As the Air France 447 accident investigation continues forward, a few themes apply to all aircraft regardless of size. Unexpected stalls are bad, the indication of the stall should be unambiguous, and perhaps most importantly, the wing needs to be unloaded to resume flight. It seems so basic and yet every week, at least in GA, somebody exhibits poor airmanship that results in at least damage to the aircraft and sometimes worse.
There have been calls for improved airmanship since the Colgan Q400 accident in Buffalo where the captain allowed the aircraft, on autopilot to level off and, under reduced power, settle into a stall. The stick shaker and then the stick pusher activated but the captain may have believed that they were in a tail stall. He pulled hard and used considerable aileron to attempt recovery with discouraging results.
Two high tech glass cockpit airplanes with professional crews somehow fell victim to basic aerodynamics. In the case of the Airbus 330 in the AF 447 accident, three airspeed probes apparently froze up, the computer got confused and handed the aircraft back to the pilots. There were some conflicting indications but in the calm of hindsight it could be said that had they merely gone with pitch and power indications everything would have remained manageable. That will come out in the final report. A totally separate question is why three separate probes took a powder at the same time.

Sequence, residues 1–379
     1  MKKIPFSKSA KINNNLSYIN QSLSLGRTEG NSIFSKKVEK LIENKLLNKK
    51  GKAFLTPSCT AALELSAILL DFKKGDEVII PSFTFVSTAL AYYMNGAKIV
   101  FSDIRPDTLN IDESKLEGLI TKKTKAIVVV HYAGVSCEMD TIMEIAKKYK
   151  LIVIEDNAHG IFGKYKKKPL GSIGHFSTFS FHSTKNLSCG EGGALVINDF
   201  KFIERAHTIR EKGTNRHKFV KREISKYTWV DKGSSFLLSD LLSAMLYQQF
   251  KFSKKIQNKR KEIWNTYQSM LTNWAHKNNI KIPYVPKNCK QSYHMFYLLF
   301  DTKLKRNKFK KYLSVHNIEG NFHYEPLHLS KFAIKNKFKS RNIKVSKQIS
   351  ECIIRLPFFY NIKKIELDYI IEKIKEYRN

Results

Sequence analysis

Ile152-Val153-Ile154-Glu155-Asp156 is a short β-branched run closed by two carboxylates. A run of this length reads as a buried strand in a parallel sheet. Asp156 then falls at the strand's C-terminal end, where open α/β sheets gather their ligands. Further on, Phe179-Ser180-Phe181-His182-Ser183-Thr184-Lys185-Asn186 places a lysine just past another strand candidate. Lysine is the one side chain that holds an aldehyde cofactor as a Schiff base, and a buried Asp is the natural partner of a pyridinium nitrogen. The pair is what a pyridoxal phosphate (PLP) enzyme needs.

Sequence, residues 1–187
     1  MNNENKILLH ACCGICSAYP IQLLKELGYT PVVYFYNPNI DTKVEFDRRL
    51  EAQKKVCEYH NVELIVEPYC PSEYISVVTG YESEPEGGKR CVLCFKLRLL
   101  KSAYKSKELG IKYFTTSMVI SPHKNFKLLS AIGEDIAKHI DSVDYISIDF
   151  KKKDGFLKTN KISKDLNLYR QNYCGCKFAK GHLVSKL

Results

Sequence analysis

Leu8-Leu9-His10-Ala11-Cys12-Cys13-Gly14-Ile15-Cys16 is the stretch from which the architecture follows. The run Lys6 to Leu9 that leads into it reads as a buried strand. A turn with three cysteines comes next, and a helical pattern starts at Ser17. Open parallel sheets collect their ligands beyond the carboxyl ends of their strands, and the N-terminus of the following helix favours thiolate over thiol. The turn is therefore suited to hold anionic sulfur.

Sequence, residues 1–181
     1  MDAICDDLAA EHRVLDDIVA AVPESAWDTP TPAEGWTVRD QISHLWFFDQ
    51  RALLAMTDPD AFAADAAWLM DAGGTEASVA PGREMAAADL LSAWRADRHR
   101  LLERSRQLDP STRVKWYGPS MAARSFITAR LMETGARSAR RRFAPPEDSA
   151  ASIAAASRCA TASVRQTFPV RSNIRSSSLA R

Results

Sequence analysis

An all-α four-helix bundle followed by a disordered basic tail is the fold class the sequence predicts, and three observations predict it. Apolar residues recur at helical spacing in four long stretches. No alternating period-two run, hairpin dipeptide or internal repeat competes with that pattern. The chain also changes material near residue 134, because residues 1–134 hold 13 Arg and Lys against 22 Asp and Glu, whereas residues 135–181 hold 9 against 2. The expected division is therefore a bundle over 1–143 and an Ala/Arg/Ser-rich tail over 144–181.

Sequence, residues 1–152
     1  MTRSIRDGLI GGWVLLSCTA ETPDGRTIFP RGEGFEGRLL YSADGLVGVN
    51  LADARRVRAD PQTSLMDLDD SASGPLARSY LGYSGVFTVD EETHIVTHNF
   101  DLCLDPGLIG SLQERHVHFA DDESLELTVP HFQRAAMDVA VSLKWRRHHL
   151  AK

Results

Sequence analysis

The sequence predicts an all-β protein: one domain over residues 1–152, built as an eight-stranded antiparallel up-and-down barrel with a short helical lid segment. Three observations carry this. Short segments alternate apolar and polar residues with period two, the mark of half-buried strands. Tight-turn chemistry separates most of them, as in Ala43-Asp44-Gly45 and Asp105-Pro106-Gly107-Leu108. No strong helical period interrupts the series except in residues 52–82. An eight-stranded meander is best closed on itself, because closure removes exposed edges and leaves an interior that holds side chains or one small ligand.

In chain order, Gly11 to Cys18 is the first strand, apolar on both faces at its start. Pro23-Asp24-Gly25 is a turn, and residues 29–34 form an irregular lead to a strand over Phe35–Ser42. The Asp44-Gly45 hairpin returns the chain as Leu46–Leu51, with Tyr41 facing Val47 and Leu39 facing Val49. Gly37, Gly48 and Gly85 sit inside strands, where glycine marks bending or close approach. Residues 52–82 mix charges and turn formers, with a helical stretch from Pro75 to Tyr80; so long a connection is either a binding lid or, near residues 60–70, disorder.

Now step back into the low tech world where the Air Safety Institute’s Piper Archer has been equipped with a state of the art Angle of Attack (AOA) system by Alpha Systems. In last week’s blog we discussed my flight review with stalls, slow flight and multiple landings. To be sure,there is a huge difference between the Archer at low altitude and the “Bus” at high altitude but the concept is essentially the same.
The Archer’s AOA which is mounted next to the windshield post, was a confidence builder in helping to fly the Archer more precisely and slowly. It was calibrated at stall or alpha floor as the jet types like to call it. Too fast and there is an upward pointing yellow arrow, exactly in the groove and just above stall, there’s a green doughnut and too slow will yield a red downward pointing arrow and a voice reminder that you’re too slow. There’s also a warning warble when alpha moves into the yellow arrow range.
Airspeed is an approximation of alpha and the numbers change depending on aircraft weight and wing loading in turns. Wouldn’t it be better to teach from the beginning with alpha awareness? I think so, but it’s never caught on with the light aircraft crowd. Apparently, it’s beginning to be an issue with the big iron folks. Navy pilots are taught AOA right from the beginning and they operate from some really short floating airstrips.
Using Alpha, I consistently flew the Archer 5 knots slower on short final—which translated into better landings, less float, less tire wear and one of the best spot landings in memory. I should have bet some adult beverage on that but it just garnered a “nicely done.”